Imagine a single metropolis of 130 million people. The Chinese are building it. It is called Jing-Jin-Ji and encompasses the current mega-cities of Beijing, Tianjin, and the more rural Hebei Province that sits in between.
It is the brainchild of President Xi Jinping and his urban and economic planners who view the supercity as the future of economic reform and environmental protection.
The key is collaboration where there has previously been little. As noted before, China is not the economic or political monolith that most Westerners perceive. It is a tapestry of cities, regions, and provinces that have operated largely independently and perpetuated income inequities through the strict residency controls of China’s Hukou system first established in 1958.
That is why when you cross the line between Beijing and Hebei Province today, as I do every day, you feel like you have stepped back in time. The glass high rises of the capital give way to the brick warrens of traditional Chinese villages. The people are poorer – much poorer – and the sanitation and general appearance of the people and the place is a stark reminder that in many ways China is still very much a developing country.
Unlike the mega-cities of Beijing, Shanghai, and Guangzhou, Jing-Jin-Ji (“Jing” for Beijing, “Jin” for Tianjin, and “Ji,” the traditional name for Hebei Province, home to smaller cities like Langfang and Baoding.) this city will not emerge organically. It will be a planned city at every level; all built around a strategically designed network of high speed rail lines.
And therein lies the key to its success. In the past urban planners generally agreed that cities could be no larger than the equivalent of a one-hour drive by car. But mass transit capable of moving commuters at speeds in excess of 300 km per hour changes the math dramatically.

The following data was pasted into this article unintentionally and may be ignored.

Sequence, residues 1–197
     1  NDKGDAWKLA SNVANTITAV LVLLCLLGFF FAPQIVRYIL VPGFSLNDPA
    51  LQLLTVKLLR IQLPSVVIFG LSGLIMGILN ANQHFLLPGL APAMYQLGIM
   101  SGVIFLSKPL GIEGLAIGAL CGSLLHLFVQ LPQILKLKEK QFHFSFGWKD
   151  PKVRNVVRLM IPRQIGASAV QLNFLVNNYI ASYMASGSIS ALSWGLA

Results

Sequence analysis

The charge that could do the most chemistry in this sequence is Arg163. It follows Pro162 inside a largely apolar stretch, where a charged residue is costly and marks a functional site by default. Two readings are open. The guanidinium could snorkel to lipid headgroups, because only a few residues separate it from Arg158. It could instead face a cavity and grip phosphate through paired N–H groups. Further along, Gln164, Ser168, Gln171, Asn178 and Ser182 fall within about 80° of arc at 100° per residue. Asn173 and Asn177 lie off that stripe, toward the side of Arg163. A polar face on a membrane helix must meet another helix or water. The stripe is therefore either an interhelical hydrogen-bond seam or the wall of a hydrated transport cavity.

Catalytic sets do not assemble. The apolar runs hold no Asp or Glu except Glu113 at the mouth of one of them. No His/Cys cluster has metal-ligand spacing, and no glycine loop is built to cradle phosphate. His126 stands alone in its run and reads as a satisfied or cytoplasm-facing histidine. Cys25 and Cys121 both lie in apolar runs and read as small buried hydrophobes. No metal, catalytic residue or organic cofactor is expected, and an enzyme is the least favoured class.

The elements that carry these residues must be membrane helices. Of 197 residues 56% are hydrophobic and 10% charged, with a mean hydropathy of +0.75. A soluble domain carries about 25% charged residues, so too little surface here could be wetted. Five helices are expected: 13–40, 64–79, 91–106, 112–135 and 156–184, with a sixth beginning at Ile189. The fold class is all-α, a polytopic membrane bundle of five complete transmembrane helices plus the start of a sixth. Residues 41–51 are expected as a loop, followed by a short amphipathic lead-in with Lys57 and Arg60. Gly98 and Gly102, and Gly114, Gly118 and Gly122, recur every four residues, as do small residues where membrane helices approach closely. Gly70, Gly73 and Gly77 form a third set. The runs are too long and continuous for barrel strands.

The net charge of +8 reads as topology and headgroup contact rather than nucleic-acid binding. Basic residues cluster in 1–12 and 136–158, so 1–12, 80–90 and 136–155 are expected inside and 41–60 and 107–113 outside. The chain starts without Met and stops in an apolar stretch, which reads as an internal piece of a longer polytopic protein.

Enabled by that enormous increase in commutable reach, Jing-Jin-Ji will be spread over 82,000 square miles, an area roughly the size of Kansas. It will, however, hold a population larger than a third of the population of the United States and twice the population of France.
To relieve its own traffic and environmental congestion, Beijing will shed itself of all businesses and government bureaucracy non-essential to the fulfillment of its civil role as the capital of China. Even hospitals will be moved.
There are, of course, hurdles to overcome. How, for example, will tax revenues be distributed between areas that today do not share such income?
It is, nonetheless, an ingenious concept that probably wouldn’t be possible in any other country on earth. In the United States it would surely be wrapped up in the courts for decades.
It shows just how holistic the Chinese are in their thinking. They know that without more equitable income distribution there will eventually be social unrest. But they can’t just dismantle the Hukou system or cities like Beijing will be literally crushed by the inflow of people looking for higher incomes and a better way or life. So instead of eliminating the system they will expand its footprint, but do so in a way that minimizes the environmental impact of such high population density.
And, of course, the transformation itself will provide plenty of jobs during the economically challenging years of China’s pivot away from an industrial export economy to a service-led consumption economy.
Circular thinking, perhaps, but an inductively reasoned solution that achieves the desired and most likely deductively-insurmountable goal.
View the author’s literary work written under the pen name of Avam Hale. Both books are available at Amazon and most major online retailers in both electronic and print formats.
Copyright © 2015 Glassmaker in China
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